Russia seeks UN probe into Nato airstrikes

Russia is "deeply disturbed" about Nato's aerial campaign in Libya because it has overstepped the intent of the UN resolution that authorized the strikes, a Russian official said on Tuesday.

Attacks on nonmilitary targets such as the main TV station and Tripoli airport call into question Nato's ability to implement the resolution that authorized the use of force to protect civilians, the diplomat said on condition of anonymity in keeping with his job's rules.

He said Russia is "deeply disturbed by the destruction of infrastructure and especially power supplies on territory controlled by the government."

The diplomat said in a telephone interview that Russia wants the UN to investigate an airstrike that allegedly killed 85 civilians earlier this month. Nato has denied the Libyan government's claim that the alliance killed civilians in the attack on an agricultural building allegedly being used for military purposes, saying the casualties were soldiers and mercenaries.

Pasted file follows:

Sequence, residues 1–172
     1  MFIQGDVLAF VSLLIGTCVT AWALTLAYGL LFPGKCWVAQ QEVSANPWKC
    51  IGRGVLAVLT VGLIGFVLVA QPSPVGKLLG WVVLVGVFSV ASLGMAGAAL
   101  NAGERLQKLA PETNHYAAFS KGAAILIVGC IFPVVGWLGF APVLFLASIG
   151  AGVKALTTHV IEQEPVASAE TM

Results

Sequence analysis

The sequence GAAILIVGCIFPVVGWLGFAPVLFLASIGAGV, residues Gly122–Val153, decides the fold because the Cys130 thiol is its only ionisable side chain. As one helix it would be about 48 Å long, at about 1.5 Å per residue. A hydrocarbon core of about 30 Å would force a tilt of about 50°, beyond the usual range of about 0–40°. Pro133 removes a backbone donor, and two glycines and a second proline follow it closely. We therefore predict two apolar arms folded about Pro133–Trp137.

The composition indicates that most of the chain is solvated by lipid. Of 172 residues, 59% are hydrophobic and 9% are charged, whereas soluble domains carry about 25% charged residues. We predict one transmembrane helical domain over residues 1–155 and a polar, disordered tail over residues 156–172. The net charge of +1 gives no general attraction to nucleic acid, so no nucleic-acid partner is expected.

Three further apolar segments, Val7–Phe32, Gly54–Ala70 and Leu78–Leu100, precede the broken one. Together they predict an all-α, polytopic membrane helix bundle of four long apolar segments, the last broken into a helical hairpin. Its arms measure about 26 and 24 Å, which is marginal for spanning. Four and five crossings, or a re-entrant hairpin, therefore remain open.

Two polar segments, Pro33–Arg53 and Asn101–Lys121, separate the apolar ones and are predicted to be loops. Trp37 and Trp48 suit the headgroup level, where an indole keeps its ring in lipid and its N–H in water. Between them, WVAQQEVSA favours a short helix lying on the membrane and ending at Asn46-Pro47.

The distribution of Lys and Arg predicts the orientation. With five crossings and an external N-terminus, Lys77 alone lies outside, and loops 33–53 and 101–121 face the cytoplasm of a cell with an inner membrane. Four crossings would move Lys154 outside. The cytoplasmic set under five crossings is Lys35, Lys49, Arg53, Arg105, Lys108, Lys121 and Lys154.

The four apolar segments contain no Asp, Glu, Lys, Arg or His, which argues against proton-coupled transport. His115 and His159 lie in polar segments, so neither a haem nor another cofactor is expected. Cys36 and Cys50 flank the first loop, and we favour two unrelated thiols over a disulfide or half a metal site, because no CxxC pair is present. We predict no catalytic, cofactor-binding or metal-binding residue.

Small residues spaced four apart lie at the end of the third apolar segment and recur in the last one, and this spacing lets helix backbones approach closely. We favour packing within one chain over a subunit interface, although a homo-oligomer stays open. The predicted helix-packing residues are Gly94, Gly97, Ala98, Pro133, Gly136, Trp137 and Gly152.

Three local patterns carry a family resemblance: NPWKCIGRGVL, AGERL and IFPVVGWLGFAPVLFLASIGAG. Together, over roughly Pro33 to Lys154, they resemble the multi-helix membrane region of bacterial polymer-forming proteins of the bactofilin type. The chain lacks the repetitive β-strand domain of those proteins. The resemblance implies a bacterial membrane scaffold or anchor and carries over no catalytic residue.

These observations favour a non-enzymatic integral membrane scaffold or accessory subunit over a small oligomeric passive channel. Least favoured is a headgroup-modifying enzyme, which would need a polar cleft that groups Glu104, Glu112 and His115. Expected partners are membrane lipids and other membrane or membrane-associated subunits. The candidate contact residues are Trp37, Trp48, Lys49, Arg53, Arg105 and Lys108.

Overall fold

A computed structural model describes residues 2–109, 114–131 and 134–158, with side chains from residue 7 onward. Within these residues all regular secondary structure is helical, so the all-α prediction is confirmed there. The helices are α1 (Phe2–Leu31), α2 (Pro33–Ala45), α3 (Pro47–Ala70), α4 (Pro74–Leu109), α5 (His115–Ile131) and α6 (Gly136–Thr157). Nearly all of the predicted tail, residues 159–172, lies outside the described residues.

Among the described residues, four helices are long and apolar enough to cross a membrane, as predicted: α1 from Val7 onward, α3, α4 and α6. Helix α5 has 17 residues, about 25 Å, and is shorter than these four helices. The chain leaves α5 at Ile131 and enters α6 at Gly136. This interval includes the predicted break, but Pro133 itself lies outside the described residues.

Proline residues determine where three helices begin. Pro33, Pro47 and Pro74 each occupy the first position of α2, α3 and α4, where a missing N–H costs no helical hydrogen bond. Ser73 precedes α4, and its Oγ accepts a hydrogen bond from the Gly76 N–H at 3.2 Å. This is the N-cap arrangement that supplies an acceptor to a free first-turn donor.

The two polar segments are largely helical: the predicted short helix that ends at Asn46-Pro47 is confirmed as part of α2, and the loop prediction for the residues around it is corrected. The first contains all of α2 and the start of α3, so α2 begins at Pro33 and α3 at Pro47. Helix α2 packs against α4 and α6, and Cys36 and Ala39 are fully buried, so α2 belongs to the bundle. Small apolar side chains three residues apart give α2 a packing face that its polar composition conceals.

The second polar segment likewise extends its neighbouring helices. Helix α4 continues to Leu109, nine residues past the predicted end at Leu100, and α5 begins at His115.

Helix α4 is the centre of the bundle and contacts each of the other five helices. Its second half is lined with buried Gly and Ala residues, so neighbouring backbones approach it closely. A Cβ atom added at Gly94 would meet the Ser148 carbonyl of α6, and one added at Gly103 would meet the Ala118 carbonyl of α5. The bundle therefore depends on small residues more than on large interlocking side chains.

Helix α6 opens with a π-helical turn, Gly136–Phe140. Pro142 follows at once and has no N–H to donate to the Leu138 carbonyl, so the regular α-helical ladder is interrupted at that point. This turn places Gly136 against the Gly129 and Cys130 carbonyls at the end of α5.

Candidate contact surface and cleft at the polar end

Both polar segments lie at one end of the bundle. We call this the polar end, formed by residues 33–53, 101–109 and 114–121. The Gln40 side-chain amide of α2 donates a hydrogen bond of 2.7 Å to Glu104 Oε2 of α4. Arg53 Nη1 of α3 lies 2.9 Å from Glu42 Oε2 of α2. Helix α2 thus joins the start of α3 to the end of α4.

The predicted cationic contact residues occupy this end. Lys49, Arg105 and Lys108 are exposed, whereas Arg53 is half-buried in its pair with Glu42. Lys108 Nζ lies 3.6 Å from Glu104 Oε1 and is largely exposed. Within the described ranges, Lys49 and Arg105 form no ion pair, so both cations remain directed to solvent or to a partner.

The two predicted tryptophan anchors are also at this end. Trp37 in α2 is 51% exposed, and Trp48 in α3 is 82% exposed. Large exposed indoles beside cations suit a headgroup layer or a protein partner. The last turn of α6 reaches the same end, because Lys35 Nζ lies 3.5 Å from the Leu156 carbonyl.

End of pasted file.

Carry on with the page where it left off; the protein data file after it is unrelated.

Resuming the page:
During the past month, Nato's conduct of the 5-month-long campaign has come under increasing international condemnation. Critics claim the daily bombings have gone far beyond the limited mandate provided by a Security Council resolution, which authorized a no-fly zone and the protection of civilians caught up in the civil unrest.

Russia, China, India, Brazil and South Africa have denounced the bombing of forces loyal to Moammar Gadhafi, even when they are fighting defensive battles against advancing rebels.

In addition, the UN's cultural and educational agency and several human rights and media protection groups have lambasted Nato over the daily airstrikes and particularly the raid against the state-run TV station.

A Nato spokesman denied that the alliance was overstepping its mandate.

"We take the side of the people of Libya," Col. Roland Lavoie said Tuesday. "When we strike a tank, it is because we understand it does represent a threat to the local population."

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